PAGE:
One may be contented with attending their majalis, whereas someone else insists on nothing less than holding such majalis for them. Another person may accept to be present at their shrines or to travel to visit such shrines, whereas another is active in urging people to do so, and he may even spend of his own wealth on facilitating the pilgrims to visit their mausoleums, peace be upon them.
Our master, the biographee, was adorned by all of these activities combined. He grew up and was raised to find himself in a house where many occasions were held in honour of Ahl al-Bayt (‘a). So did he observe his grandfather, Sayyid Husayn, doing: meeting with people to discuss or produce a great deal of their literary production. He found his grandfather, may Allah have mercy on him, full of loyalty to them, so he added his zeal to that of his own.
He waited for the opportunity to hold majlis even for those who expressed their loyalty for Ahl al-Bayt (‘a) and who followed in their footsteps and were executed or died in exile after having persevered, and there are many such persons. His manuscript, Nawadir al-Athar, contains poems delivered by poets who attended their merry occasions.
Holding a majlis to bring their legacy to memory did not suffice him; active efforts to disseminate their views and to explain their ways of life and conduct did. He did so through the lectures that he delivered at meetings he held in the company of his brethren and friends during the month of Ramadan. Thus did I see the house full of them, and the research is repeated one night after another, one month of Ramadan after another, and so on...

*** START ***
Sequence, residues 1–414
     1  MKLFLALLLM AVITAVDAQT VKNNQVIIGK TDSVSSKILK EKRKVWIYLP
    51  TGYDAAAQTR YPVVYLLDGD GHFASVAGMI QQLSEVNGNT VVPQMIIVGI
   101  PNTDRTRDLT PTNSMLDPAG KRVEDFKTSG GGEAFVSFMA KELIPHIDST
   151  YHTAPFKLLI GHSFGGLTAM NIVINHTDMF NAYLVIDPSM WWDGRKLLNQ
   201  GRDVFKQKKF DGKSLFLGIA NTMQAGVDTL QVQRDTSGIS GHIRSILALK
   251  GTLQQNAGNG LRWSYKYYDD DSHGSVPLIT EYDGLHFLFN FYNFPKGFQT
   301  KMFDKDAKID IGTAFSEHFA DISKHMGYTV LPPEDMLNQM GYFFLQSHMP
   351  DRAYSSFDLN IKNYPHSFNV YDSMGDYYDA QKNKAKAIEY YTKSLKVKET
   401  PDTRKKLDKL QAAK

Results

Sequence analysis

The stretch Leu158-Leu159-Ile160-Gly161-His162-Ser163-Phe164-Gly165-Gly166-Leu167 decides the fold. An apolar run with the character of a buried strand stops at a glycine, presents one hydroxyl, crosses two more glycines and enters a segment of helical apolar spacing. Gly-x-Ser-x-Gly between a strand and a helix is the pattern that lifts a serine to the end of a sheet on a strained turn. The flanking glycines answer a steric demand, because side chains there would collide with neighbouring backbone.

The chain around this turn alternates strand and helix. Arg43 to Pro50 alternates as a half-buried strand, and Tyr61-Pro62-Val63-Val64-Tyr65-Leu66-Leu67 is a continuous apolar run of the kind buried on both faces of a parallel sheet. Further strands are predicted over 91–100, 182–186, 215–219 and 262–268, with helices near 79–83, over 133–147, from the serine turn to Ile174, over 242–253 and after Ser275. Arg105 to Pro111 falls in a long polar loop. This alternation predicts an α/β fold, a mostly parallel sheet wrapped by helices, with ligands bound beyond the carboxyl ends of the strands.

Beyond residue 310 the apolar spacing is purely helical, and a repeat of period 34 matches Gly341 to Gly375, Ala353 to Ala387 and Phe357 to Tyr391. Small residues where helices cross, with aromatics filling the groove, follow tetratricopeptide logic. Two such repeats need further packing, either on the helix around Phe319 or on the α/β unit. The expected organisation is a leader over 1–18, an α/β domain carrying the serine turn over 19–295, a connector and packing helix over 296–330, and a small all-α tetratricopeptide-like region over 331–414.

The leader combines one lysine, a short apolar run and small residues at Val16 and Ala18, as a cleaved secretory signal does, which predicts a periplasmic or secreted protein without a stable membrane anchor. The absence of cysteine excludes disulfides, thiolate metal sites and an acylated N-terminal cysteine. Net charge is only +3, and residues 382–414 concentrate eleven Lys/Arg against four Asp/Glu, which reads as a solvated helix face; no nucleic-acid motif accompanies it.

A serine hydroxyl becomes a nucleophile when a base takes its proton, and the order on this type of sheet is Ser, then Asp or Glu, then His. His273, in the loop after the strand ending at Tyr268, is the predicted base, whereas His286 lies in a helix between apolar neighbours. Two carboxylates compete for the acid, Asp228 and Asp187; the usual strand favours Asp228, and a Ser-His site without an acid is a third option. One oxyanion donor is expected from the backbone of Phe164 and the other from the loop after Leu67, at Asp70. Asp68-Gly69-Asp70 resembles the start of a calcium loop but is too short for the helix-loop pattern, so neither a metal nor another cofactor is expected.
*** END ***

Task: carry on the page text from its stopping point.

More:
As regarding his pen and how he utilized his time, his books listed above, which he left behind him, provide sufficient testimony. We plead to the most Exalted One to assist the efforts to circulate them among people. The greatest of his manuscripts is Al-Munqith al-Akbar (the greatest saviour), meaning Muhammad (S), and also Al-Imam al-Hasan (‘a). It has been more than thirty years since he wrote both of them. Another is Naqd al-Tarikh fil Masa’il al-Sitt, a book that he used to mention quite often.
The biographee neither composed good quality poetry, nor did he memorize nor critique poetry. Yet he, may Allah have mercy on him, appreciated it very much especially if it was in honour of Ahl al-Bayt, peace be upon them.
He used quite often to cite the poetry of those who lauded Ahl al-Bayt (‘a) and incorporate it in his works that discuss them, peace be upon them, in order to bring such poetry to life. As far as he is concerned, we are not aware of him composing poetry except very little such as a few lines, for example, in praise of Abul-Fadl al-’Abbas, peace be upon him, where he pleads to Allah through him to remove his ailment:
Among his poetry are lines that he composed in praise of the Prophet (S) and his pure Progeny (‘a) the composition of which he did finish; among them are the following:
The author, may Allah have mercy on him, suffered a great deal from harsh living conditions and the agonies of life. He took his stride in life with pride and dignity. He retained a sufficient measure of self-respect not to lower himself and do what was not becoming of him or what would jeopardize his studies or his performance as a teacher. I’tikaf preoccupied him a great deal, and he was satisfied from this life with attaining wisdom.